In a rare instance of accountability for the franchise, producers behind MTV’s The Challenge have taken swift action against a cast member for comments made on social media. Dee Nguyen, who made it to the final round of the competition series last season and was one of the winners, will not be invited back, according to a tweet from the show’s official account. “As a result of Dee Nguyen’s offensive comments on the Black Lives Matter movement, we have severed ties with her,” the statement reads.
Last week, Nguyen, who is Vietnamese Australian, posted a black square on her Instagram account as part of the Black Out Tuesday campaign online. After a commenter critiqued her post, writing, “Wake up! People are dying,”(this comment has since been removed from Nguyen’s Instagram), Nguyen responded with flippancy: “People die every fucking day.”
Instagram commenters accused Nguyen of participating in Black Out Tuesday “for clout,” with some even offering advice on how to be a better ally. Nguyen, mindful of increasing her visibility, as is the way of most reality stars, expanded the drama to Twitter, where she wrote, “IDK why some of you think I’m anti-BLM. I’ve been saying that since the day I lost my virginity,” along with another tweet showing a picture of dogs that reads: “We are the same animal. Racism is stupid.”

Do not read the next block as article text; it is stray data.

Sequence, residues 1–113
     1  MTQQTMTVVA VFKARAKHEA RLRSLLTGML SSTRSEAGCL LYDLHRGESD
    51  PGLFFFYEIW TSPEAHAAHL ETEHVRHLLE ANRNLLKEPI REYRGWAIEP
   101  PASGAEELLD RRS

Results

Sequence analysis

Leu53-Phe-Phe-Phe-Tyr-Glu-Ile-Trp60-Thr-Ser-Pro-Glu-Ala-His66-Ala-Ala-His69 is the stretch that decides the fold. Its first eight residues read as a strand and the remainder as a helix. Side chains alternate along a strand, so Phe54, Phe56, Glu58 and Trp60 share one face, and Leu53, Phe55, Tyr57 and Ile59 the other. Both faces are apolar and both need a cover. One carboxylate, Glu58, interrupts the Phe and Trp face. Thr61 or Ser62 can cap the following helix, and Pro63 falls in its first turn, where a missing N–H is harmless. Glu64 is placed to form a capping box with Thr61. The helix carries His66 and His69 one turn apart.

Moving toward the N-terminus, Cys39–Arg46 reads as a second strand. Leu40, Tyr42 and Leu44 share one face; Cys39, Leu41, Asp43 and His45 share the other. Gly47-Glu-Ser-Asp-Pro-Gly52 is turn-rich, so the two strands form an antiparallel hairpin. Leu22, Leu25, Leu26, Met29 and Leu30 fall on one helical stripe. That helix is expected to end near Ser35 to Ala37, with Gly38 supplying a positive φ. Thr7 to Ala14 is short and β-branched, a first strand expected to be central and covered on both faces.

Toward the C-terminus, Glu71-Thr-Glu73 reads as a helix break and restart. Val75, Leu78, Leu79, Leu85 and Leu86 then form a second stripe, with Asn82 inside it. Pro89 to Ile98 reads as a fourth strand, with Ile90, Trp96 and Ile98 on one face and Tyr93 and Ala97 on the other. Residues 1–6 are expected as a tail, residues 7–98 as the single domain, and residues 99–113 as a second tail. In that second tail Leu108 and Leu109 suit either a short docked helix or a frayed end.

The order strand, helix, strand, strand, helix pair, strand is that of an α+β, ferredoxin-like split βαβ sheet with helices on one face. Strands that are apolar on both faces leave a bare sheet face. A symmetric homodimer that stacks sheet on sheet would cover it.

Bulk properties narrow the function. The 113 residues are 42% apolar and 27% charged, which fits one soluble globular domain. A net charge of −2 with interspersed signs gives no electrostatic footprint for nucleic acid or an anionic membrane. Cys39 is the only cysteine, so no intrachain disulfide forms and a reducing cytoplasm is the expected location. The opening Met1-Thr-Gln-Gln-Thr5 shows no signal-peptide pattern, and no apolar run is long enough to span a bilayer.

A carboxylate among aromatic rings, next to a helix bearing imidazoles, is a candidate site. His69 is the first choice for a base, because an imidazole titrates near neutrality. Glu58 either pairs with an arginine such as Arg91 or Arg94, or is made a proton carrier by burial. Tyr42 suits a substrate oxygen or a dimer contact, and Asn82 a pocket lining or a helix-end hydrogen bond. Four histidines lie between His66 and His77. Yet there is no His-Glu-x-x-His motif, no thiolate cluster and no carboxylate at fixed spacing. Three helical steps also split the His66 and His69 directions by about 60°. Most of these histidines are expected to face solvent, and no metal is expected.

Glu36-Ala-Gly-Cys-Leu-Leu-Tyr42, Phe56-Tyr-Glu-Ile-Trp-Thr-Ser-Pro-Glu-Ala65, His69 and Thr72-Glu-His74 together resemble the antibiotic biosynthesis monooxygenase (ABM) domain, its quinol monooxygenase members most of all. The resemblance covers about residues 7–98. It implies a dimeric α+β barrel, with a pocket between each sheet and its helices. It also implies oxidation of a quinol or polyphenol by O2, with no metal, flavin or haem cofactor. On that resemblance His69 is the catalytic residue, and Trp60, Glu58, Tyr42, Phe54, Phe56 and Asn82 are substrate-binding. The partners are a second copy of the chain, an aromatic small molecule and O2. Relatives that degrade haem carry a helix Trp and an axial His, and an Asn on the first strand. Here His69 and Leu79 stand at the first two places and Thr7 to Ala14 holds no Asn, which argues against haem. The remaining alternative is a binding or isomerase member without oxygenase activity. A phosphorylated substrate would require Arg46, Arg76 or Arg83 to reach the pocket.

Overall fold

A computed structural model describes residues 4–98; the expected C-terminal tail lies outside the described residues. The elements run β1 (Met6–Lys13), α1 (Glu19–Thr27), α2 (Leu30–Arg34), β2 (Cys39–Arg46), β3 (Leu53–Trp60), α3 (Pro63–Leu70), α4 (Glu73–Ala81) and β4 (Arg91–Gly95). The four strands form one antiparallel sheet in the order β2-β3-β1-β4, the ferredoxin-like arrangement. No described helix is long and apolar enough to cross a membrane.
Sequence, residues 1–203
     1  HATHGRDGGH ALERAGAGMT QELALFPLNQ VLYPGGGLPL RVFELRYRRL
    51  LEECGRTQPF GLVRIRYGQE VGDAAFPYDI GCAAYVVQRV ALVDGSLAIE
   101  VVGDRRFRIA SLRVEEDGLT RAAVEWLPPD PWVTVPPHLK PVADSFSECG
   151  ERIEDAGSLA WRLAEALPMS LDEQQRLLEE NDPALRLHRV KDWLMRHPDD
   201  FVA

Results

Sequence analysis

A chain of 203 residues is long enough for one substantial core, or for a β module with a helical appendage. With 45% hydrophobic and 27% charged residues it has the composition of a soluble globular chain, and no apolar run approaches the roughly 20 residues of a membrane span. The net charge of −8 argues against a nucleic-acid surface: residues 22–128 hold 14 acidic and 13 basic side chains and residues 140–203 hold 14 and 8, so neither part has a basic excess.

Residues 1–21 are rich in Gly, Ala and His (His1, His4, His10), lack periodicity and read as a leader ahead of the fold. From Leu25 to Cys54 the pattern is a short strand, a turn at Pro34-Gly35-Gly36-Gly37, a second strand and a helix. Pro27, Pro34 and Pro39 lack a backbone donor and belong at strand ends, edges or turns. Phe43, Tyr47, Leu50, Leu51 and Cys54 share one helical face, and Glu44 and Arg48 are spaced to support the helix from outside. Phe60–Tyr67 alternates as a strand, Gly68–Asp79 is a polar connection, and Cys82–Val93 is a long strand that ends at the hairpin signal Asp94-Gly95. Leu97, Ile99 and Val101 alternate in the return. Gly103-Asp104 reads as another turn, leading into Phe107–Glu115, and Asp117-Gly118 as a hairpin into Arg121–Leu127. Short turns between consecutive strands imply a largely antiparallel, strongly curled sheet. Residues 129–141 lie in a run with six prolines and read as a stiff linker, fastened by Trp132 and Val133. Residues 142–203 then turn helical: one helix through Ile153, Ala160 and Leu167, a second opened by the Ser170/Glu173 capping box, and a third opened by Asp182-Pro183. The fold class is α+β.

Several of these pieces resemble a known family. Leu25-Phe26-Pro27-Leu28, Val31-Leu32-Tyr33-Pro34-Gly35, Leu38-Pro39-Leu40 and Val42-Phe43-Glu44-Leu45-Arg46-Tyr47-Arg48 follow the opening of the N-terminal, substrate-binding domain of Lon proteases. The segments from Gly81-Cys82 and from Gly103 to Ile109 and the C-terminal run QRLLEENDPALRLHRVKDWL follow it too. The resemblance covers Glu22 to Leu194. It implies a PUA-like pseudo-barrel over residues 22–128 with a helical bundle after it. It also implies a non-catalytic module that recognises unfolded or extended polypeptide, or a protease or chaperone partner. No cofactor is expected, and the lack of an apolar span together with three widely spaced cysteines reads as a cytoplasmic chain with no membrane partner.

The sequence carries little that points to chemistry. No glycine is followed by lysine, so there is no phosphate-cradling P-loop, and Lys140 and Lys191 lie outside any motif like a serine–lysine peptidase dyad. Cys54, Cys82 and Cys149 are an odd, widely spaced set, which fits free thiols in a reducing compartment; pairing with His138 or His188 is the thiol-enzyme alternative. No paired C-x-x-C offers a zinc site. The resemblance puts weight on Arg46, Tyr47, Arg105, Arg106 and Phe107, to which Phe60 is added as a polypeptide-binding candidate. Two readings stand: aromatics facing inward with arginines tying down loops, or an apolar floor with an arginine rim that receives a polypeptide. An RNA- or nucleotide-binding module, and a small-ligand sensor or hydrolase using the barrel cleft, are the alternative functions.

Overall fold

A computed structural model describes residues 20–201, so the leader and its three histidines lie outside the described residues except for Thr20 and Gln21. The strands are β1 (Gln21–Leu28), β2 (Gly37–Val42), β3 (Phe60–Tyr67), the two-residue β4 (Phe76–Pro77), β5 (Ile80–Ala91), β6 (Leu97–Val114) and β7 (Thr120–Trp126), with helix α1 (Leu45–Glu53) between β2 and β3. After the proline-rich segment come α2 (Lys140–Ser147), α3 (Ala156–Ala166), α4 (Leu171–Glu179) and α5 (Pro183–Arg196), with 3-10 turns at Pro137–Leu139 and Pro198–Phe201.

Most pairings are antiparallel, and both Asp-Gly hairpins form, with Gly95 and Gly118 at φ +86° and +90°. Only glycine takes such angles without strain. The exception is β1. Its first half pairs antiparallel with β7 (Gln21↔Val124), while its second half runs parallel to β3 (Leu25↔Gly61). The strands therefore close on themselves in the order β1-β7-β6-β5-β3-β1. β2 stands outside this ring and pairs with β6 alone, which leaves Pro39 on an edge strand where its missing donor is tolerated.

To say that Nguyen was dragged by her fellow castmates would be a disservice to the word itself. Her mentor, Challenge veteran Wes Bergman, disavowed Nguyen and fired her from his Patreon charity show Friends and Benefits, which finds Challenge favorites living in a house paid for by Bergman while doing charitable work in Kansas City. Bergman tweeted that he’d made the decision on Monday to “ask [Nguyen] to leave my home and my city; effective immediately.” A black castmate, Swaggy C, who appears on the current season with Nguyen, wrote a long and informative thread in which he calls her a “clout clown” and accuses her of faking her charitable work with Bergman because she couldn’t fly back to Australia due to the covid-19 outbreak.
Nguyen has since apologized on Instagram and Twitter in a statement that takes almost no accountability, highlights that she is a person of color (as if that exempts one from being racist), and positions herself as the victim. It is the quintessential non-apology.
Her firing is notable, considering that The Challenge and The Real World producers tend to take little to no action against its casts or have otherwise been late to penalize previous racist incidents, as well as sexual assault. Maybe after 36 seasons, Challenge producers have decided they hate racism more than they hate quitters.